Discover the cosmos! Each day a different image or photograph of our fascinating universe is featured, along with a brief explanation written by a professional astronomer.
2013 July 9
Explanation: Supergiant star Gamma Cygni lies at the center of the Northern Cross, a famous asterism in the constellation of the Swan (Cygnus). Known by the proper name Sadr, the bright star also lies at the center of this gorgeous skyscape, featuring a complex of stars, dust clouds, and glowing nebulae along the plane of our Milky Way galaxy. The field of view spans over 3 degrees (six Full Moons) on the sky and includes emission nebula IC 1318 and open star cluster NGC 6910. Left of Gamma Cygni and shaped like two glowing cosmic wings divided by a long dark dust lane, IC 1318's popular name is understandably the Butterfly Nebula. Above and slightly left of Gamma Cygni, are the young, still tightly grouped stars of NGC 6910. Some distance estimates for Gamma Cygni place it at around 1800 light-years while estimates for IC 1318 and NGC 6910 range from 2,000 to 5,000 light-years.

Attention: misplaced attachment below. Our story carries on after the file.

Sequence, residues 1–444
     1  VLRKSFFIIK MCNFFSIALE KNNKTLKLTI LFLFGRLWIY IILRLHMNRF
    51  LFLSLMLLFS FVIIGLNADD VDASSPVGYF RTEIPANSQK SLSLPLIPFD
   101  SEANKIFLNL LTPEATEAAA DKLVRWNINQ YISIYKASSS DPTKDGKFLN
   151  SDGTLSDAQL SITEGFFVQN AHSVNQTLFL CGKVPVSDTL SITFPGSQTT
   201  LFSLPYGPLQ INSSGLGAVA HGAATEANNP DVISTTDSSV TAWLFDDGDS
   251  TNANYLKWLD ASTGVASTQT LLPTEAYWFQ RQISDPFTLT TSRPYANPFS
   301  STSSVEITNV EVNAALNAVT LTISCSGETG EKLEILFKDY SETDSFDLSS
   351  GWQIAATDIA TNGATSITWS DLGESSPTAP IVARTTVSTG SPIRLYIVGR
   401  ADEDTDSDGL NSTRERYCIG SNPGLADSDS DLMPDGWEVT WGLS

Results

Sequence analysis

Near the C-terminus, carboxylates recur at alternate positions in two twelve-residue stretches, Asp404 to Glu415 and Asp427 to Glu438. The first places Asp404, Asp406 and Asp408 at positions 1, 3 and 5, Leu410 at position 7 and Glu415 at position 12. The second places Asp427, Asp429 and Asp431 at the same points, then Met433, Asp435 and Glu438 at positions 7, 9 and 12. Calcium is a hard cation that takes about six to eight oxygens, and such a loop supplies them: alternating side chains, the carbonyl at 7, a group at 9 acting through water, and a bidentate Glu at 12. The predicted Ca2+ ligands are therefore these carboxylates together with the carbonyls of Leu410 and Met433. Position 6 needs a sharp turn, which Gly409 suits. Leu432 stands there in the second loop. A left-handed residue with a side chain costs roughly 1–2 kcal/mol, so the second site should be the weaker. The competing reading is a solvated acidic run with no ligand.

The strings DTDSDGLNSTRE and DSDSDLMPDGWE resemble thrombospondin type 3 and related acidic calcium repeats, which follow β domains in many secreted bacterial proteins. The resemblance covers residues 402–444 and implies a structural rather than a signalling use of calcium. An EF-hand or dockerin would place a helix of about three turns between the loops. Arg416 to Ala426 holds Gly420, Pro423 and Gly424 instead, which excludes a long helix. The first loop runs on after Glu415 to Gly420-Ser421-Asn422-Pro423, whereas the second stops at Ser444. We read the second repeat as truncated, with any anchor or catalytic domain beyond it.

Authors & editors:
Jerry Bonnell (UMCP)
NASA Official: Phillip Newman Specific rights apply.
A service of: ASD at NASA / GSFC
& Michigan Tech. U.